adequate nutrition and heating.
Self-neglect – this covers a wide range of behaviour neglecting to care for one’s
personal hygiene, health or surroundings and includes behaviour such as hoarding.
Incidents of abuse may be one-off or multiple, and affect one person or more.
Signs of Possible Abuse in Adults
History of unexplained falls, fractures, bruises, burns, minor injuries.
Signs of under or over use of medication and/or medical problems left unattended.
Any injuries not consistent with the explanation given for them
Bruising and discolouration - particularly if there is a lot of bruising of different ages and in places not normally exposed to falls, rough games etc.
Recurring injuries without plausible explanation
Loss of hair, loss of weight and change of appetite
Person flinches at physical contact &/or keeps fully covered, even in hot weather;
Person appears frightened or subdued in the presence of a particular person or people
Unexplained injuries or ‘excuses’ for marks or scars
Controlling and/or threatening relationship including psychological, physical, sexual, financial, emotional abuse; so called ‘honour’ based violence and Female Genital Mutilation.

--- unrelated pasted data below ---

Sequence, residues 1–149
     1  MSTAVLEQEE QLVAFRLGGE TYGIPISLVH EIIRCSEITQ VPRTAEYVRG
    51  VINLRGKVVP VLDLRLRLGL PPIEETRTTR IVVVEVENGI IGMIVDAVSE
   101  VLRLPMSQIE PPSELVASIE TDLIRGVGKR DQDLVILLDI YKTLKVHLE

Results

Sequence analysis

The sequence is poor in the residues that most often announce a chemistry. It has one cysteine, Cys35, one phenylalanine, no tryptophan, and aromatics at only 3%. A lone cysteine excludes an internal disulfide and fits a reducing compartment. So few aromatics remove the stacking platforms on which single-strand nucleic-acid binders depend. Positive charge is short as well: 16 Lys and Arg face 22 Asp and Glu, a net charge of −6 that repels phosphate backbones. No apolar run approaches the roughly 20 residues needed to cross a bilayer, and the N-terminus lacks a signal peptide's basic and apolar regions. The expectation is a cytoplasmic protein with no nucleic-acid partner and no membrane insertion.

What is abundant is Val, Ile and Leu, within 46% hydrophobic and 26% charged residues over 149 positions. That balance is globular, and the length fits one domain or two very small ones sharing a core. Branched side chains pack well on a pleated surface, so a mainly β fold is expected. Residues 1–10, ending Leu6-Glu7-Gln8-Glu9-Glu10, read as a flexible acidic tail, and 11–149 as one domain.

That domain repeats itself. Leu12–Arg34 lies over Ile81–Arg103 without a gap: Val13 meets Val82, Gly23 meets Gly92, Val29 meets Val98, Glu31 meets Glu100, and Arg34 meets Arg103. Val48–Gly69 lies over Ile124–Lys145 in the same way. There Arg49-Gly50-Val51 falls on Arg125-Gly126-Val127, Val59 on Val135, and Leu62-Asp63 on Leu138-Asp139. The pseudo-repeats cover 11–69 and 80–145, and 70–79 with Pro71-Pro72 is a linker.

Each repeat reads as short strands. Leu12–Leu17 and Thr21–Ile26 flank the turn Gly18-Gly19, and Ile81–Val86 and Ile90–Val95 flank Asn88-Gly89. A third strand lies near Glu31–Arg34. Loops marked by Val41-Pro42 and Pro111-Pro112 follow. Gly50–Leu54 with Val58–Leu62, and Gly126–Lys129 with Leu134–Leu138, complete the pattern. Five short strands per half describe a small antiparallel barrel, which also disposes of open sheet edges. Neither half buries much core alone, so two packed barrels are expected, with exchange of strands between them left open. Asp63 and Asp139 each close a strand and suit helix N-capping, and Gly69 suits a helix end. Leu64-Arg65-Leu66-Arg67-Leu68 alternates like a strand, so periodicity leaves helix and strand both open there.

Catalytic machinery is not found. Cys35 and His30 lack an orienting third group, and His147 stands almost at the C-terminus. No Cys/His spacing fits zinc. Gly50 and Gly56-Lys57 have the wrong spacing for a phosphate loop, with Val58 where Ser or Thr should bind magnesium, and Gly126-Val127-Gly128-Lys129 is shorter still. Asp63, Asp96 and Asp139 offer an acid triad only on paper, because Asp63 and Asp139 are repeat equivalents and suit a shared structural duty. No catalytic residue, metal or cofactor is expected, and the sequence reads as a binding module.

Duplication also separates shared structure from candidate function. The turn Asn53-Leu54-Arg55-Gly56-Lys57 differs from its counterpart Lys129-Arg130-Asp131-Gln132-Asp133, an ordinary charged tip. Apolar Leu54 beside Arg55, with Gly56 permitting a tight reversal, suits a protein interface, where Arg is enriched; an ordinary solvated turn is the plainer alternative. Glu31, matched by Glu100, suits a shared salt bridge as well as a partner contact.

Age range extended to 16 yrs.
Pregnancy in a woman who lacks mental capacity or is unable to consent to sexual intercourse
Unexplained change in behaviour or sexually explicit behaviour
Torn, stained or bloody underwear and/or unusual difficulty in walking or sitting
Infections or sexually transmitted diseases
Full or partial disclosures or hints of sexual abuse
Disturbed sleep patterns
Alteration in psychological state e.g. withdrawn, agitated, anxious, tearful
Intimidated or subdued in the presence of a carer
Fearful, flinching or frightened of making choices or expressing wishes
Changes in mood, attitude and behaviour, excessive fear or anxiety
Changes in sleep pattern or persistent tiredness
Loss of appetite
Helplessness or passivity
Confusion or disorientation
Implausible stories and attention seeking behaviour
Financial or material abuse
Disparity between assets and living conditions